CVS: Cigarette ban reduced smoking

Discussion
Sep 04, 2015

Marking the first anniversary of ending tobacco sales at its stores, CVS issued a study indicating that its decision led to a measurable decrease in the number of cigarette purchases across all retailers.

The study, conducted by the CVS Health Research Institute, evaluated cigarette pack purchases at drug, food, big box, dollar, convenience and gas station retailers in the eight months after CVS/pharmacy stopped selling tobacco products. It found an additional one percent reduction in cigarette pack sales in 13 states where CVS had a 15 percent or greater share of pharmacy, compared to states with no CVS stores. Over the same eight-month period, the average smoker in these states purchased five fewer cigarette packs and, in total, approximately 95 million fewer packs were sold.

Other indicators that the move led to attempts to quit smoking:

  • The study showed a four percent increase in nicotine patch purchases in the states where CVS had a15 percent share of more in the period immediately following the end of tobacco sales;
  • Since Sept. 3, 2014, the average number of MinuteClinic "Start to Stop" smoking cessation visits conducted per month nearly doubled.

CVS smoking infographic

Source: CVS Health infographic

Troyen Brennan, chief medical officer, CVS Health, believes the study proves critics wrong who thought many smokers would simply go elsewhere to buy cigarettes once CVS stopped selling them.

"We know that more than two-thirds of smokers want to quit — and that half of smokers try to quit each year," Dr. Brennan told USA Today. "We also know that cigarette purchases are often spontaneous. And so we reasoned that removing a convenient location to buy cigarettes could decrease overall tobacco use."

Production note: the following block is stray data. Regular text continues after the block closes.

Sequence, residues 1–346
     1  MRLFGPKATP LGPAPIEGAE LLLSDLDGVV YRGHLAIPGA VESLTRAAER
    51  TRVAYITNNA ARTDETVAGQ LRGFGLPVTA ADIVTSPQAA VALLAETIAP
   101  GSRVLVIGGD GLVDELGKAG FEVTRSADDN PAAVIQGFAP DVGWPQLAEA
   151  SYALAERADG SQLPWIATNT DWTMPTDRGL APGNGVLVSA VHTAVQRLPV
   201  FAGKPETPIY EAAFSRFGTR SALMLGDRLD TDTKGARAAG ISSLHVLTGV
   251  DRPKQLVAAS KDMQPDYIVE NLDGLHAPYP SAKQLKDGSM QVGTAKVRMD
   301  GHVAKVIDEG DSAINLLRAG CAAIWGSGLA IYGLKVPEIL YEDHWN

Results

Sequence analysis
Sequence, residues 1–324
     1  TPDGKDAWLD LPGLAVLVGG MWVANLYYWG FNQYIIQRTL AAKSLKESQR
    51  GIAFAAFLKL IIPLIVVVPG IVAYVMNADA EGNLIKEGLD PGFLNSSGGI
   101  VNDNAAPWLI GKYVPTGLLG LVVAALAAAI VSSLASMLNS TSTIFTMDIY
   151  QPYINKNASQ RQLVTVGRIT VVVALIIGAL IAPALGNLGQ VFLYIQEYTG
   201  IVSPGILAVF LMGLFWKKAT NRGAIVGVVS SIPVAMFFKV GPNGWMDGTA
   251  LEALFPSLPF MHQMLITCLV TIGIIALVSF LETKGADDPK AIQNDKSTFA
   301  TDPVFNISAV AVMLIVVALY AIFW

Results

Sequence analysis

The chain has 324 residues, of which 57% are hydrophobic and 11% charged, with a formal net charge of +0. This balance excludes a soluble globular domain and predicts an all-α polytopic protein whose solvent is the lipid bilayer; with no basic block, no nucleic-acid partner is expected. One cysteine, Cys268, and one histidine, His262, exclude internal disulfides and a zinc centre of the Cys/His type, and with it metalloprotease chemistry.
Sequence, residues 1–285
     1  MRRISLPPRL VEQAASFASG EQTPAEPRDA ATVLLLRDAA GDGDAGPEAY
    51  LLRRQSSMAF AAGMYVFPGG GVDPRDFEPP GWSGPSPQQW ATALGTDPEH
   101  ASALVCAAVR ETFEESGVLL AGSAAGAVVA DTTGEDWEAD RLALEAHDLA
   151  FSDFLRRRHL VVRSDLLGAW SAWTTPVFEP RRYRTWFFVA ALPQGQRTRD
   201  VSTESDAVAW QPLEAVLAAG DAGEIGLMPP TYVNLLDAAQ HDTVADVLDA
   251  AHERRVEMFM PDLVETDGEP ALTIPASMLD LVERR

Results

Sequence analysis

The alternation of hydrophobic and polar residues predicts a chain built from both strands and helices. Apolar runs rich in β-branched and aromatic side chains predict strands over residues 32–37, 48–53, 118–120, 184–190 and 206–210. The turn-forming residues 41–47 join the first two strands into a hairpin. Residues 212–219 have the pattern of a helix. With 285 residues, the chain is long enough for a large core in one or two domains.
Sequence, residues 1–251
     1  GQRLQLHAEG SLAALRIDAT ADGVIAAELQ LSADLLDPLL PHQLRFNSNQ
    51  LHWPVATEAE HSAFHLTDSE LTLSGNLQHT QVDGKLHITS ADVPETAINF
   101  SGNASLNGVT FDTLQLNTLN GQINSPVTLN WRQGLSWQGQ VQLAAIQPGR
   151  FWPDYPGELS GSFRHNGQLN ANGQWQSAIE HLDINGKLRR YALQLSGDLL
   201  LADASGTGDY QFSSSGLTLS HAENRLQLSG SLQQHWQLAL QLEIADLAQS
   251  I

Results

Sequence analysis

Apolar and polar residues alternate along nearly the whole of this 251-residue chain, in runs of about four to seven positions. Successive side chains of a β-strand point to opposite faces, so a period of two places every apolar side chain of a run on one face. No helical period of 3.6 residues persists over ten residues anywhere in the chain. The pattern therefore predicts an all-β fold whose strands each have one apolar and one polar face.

Saul Shiffman, a University of Pittsburgh psychology professor and expert in smoking and smoking cessation, said it was hard to tell if CVS had a direct impact on overall cigarette sales amid the overall decline in cigarette smoking.

Regardless, the study’s findings and the anniversary prompted anti-smoking groups to call on other retailers to stop tobacco sales.

"These results make it increasingly untenable for responsible retailers — especially those in the business of providing health care services — to continue selling tobacco products," said Matthew Myers, president, Campaign for Tobacco-Free Kids, in a statement.

A year after the fact, how would you rate the success of CVS’s decision to stop selling tobacco products and its surrounding PR efforts? Do you think CVS’s new report will put further pressure on other retailers follow suit?

Please practice The RetailWire Golden Rule when submitting your comments.
Braintrust
"It is difficult to make claims about causation. I was curious as to what impact this decision has had on the sales and revenue of CVS in these 13 states. I think that would also be part of determining the success of the strategy."

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7 Comments on "CVS: Cigarette ban reduced smoking"


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Cathy Hotka
Guest
6 years 8 months ago

CVS’s move was genius in terms of brand and marketing. They’re proving that they can have an outsize influence on the way America thinks about health.

Camille P. Schuster, Ph.D.